I started doing “external engagement work” as a postdoc, when I set up a blog to cover the 2012 elections in Taiwan (an experience I wrote about for Issues and Studies). As a result of this experience I started to receive periodic requests for media interviews. I continued to develop my online footprint through Twitter, editing the China Policy Institute blog (which subsequently evolved into a more sophisticated product featuring analysis by some of the world’s top experts) and convening another Taiwan blog to cover the 2016 elections.
Over time the more media I did the more opportunities presented themselves, both in terms of being asked for comment and writing op-eds. I came to see engaging the media as an important part of academic life. Academics create knowledge, but then share it with a tiny number of peers at conferences and in pay-walled journals. That strikes me as a terrible result all round. In the hope of stimulating discussion about external engagement in my own field of China studies, I published two articles in the China Quarterly on working with the media and using social media (forthcoming working paper version).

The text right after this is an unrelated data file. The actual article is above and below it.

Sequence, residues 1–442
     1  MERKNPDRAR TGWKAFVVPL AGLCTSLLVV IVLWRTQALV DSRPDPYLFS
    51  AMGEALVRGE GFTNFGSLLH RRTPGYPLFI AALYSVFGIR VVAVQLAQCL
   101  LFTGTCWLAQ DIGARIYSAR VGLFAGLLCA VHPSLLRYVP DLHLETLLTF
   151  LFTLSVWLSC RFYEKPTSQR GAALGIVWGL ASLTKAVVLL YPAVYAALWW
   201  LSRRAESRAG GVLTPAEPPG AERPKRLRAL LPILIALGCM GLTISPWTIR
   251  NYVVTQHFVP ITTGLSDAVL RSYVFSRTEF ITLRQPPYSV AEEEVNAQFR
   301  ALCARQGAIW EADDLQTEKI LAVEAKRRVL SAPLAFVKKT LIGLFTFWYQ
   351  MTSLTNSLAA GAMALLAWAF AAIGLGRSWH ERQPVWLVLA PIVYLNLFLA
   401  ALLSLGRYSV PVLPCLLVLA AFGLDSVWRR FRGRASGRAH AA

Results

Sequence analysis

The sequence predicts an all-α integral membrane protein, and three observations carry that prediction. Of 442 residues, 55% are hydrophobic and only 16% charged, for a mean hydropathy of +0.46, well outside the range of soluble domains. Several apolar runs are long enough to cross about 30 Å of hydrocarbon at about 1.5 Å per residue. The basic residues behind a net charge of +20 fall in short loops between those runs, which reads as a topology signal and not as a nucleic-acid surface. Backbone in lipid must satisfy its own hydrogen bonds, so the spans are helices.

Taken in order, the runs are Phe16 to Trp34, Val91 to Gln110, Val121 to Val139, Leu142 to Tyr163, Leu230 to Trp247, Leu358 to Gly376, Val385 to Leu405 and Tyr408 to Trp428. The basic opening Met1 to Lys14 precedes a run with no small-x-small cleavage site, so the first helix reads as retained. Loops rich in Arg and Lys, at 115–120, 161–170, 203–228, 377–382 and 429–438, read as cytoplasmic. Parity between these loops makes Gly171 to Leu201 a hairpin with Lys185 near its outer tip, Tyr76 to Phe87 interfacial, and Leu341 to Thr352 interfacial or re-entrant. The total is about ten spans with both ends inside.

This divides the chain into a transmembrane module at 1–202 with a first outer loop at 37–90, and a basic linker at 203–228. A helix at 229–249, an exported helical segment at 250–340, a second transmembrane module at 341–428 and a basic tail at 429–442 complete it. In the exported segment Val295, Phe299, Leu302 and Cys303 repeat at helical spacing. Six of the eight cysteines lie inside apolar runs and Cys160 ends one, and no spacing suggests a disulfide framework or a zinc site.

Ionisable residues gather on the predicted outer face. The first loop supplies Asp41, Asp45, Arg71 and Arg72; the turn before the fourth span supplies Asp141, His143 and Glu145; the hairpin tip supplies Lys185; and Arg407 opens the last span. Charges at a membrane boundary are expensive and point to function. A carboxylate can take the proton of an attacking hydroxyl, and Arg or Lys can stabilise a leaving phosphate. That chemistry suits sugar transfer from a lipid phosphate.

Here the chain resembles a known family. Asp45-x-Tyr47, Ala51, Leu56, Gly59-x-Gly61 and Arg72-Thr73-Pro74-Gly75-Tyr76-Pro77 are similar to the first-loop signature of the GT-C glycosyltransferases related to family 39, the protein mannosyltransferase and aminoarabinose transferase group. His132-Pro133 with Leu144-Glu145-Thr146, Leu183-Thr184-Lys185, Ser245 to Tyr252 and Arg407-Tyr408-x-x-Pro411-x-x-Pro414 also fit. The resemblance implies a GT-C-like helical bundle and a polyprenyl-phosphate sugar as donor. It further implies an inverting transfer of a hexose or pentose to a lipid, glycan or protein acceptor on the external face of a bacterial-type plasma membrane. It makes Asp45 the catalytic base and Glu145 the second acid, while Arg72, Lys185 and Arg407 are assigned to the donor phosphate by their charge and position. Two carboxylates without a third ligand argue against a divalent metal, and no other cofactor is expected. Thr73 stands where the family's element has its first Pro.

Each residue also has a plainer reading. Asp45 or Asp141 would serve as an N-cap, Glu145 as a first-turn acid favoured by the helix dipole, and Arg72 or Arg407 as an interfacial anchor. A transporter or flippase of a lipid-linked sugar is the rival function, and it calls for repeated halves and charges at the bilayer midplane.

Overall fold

Through these activities in the past 5 years I developed an understanding of how print and digital media work, at least from the perspective of an academic seeking to engage in these activities. However, I had very little exposure to working with broadcast media, which is why I applied to the British Science Association (BSA) for a Media Fellowship. Thanks to support from the BSA and the University of Nottingham, I secured a placement working with the BBC for a month during the summer. My placement was with the BBC radio science unit, headed by Deborah Cohen, a journalist with a commitment to breaking down barriers between scholars and the media to the benefit of science communication at large. Continue reading